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Parasitology. 2007;134(Pt 13):1871-6.

VAR2CSA and protective immunity against pregnancy-associated Plasmodium falciparum malaria.

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  • 1Centre for Medical Parasitology at Department of International Health, Immunology and Microbiology, University of Copenhagen and Department of Infectious Diseases, Copenhagen University Hospital (Rigshospitalet), Copenhagen, Denmark.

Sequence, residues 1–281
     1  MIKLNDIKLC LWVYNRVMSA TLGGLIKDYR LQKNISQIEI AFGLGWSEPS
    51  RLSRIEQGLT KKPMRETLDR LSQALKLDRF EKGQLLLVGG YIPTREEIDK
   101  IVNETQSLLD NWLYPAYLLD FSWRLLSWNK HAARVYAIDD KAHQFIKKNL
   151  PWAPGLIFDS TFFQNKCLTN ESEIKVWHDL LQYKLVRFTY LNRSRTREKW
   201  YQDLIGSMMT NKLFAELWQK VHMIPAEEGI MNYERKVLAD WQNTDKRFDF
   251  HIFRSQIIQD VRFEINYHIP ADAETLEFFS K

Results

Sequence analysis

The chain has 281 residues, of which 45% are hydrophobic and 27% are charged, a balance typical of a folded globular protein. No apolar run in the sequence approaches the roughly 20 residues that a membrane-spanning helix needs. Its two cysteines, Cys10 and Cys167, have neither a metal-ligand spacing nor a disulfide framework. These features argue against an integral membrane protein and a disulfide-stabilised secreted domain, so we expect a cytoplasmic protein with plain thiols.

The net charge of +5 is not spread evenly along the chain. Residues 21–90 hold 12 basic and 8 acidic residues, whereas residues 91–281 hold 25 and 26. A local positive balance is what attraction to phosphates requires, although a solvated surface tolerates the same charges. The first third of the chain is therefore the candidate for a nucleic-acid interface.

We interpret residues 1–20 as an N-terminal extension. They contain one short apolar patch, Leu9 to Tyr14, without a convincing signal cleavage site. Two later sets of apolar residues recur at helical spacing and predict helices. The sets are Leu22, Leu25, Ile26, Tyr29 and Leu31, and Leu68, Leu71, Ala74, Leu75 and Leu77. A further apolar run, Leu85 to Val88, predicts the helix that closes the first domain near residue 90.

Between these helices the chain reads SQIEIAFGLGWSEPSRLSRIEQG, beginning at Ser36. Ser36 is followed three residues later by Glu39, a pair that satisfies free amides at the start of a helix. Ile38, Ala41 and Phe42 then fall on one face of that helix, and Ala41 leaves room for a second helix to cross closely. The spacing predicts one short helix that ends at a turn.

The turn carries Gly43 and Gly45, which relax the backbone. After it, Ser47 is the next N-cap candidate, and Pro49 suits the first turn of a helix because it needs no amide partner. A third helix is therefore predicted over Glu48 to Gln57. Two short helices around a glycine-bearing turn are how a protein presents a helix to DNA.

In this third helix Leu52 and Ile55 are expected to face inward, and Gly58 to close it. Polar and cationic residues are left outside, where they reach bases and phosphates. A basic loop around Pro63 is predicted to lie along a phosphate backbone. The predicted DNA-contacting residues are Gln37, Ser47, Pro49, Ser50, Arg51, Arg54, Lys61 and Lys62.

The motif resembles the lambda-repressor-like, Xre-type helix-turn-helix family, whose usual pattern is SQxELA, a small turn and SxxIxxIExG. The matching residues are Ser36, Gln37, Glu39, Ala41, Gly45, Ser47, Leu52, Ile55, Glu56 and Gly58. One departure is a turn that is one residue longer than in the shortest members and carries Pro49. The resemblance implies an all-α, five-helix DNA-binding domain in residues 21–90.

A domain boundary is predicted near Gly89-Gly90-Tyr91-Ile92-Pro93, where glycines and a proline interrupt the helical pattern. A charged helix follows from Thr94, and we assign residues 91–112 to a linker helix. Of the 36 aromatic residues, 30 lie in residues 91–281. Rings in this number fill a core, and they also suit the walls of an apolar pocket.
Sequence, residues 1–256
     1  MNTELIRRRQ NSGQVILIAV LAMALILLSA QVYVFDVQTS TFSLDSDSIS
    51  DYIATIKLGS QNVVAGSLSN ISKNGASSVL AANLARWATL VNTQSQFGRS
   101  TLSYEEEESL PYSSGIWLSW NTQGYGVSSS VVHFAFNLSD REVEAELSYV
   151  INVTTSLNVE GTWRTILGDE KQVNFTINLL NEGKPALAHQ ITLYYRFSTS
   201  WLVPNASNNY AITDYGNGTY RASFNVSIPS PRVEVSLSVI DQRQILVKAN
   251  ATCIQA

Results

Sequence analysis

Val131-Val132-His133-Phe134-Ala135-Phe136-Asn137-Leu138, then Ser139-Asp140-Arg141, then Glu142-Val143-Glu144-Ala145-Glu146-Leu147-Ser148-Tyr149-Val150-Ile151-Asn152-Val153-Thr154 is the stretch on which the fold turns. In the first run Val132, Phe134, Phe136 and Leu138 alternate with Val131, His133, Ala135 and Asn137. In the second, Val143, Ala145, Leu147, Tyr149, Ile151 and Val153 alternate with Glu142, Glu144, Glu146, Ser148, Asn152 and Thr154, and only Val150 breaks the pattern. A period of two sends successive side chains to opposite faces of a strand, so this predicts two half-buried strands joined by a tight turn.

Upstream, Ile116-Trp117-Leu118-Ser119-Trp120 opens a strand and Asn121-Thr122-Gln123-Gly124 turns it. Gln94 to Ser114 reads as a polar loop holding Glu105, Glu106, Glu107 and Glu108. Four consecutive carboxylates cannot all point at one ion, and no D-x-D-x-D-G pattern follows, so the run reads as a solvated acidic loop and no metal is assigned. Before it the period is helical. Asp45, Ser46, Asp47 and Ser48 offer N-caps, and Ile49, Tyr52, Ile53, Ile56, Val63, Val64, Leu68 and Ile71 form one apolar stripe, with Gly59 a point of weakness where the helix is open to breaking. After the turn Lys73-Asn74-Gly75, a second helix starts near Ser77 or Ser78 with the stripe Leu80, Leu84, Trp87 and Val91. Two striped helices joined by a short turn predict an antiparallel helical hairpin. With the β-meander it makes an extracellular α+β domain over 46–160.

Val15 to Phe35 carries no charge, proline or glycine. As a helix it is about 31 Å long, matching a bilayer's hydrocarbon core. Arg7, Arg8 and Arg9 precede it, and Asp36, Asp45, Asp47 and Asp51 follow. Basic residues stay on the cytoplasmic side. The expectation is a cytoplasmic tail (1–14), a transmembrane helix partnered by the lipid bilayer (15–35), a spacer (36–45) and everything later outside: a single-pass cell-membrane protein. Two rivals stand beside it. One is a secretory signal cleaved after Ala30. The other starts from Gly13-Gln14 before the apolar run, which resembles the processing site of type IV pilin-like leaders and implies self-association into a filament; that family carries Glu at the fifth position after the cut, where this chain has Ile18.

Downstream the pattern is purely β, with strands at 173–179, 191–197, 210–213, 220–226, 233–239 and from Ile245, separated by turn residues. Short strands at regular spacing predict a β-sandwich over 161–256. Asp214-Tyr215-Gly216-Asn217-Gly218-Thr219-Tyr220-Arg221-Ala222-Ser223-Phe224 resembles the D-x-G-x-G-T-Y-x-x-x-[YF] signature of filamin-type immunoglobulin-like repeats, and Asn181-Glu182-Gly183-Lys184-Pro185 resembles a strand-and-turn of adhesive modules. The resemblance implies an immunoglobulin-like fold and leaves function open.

People living in areas with stable transmission of P. falciparum parasites acquire protective immunity to malaria over a number of years and following multiple disease episodes. Immunity acquired this way is mediated by IgG with specificity for parasite-encoded, clonally variant surface antigens (VSA) on the surface of infected erythrocytes (IEs). However, women in endemic areas become susceptible to P. falciparum infection when they become pregnant, particularly for the first time, regardless of previously acquired protective immunity. This conundrum was resolved when it was observed that the selective placental accumulation of IEs that characterizes pregnancy-associated malaria (PAM) is caused by an immunologically and functionally unique subset of VSA (VSAPAM) that is only expressed by parasites infecting pregnant women, and that protective immunity to PAM is mediated by IgG with specificity for VSAPAM. In this review we summarize the research leading to the identification of the distinctly structured PfEMP1 variant VAR2CSA as the dominant PAM-type VSA and as the clinically most important target of the protective immune response to placental P. falciparum infection.

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